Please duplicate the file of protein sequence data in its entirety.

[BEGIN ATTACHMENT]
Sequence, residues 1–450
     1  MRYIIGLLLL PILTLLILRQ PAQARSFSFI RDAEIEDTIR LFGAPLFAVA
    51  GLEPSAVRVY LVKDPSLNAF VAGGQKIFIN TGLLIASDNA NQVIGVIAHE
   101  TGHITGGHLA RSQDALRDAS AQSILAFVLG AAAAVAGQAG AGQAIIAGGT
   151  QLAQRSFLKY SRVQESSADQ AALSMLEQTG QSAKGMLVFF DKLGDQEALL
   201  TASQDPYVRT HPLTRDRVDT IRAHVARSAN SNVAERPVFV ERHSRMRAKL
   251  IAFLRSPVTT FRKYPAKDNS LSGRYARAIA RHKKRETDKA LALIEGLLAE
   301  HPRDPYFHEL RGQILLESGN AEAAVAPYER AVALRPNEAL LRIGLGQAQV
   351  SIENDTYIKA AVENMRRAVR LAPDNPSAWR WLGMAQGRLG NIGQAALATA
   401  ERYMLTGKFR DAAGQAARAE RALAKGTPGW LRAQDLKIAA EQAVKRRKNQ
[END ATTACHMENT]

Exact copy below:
Sequence, residues 1–450
     1  MRYIIGLLLL PILTLLILRQ PAQARSFSFI RDAEIEDTIR LFGAPLFAVA
    51  GLEPSAVRVY LVKDPSLNAF VAGGQKIFIN TGLLIASDNA NQVIGVIAHE
   101  TGHITGGHLA RSQDALRDAS AQSILAFVLG AAAAVAGQAG AGQAIIAGGT
   151  QLAQRSFLKY SRVQESSADQ AALSMLEQTG QSAKGMLVFF DKLGDQEALL
   201  TASQDPYVRT HPLTRDRVDT IRAHVARSAN SNVAERPVFV ERHSRMRAKL
   251  IAFLRSPVTT FRKYPAKDNS LSGRYARAIA RHKKRETDKA LALIEGLLAE
   301  HPRDPYFHEL RGQILLESGN AEAAVAPYER AVALRPNEAL LRIGLGQAQV
   351  SIENDTYIKA AVENMRRAVR LAPDNPSAWR WLGMAQGRLG NIGQAALATA
   401  ERYMLTGKFR DAAGQAARAE RALAKGTPGW LRAQDLKIAA EQAVKRRKNQ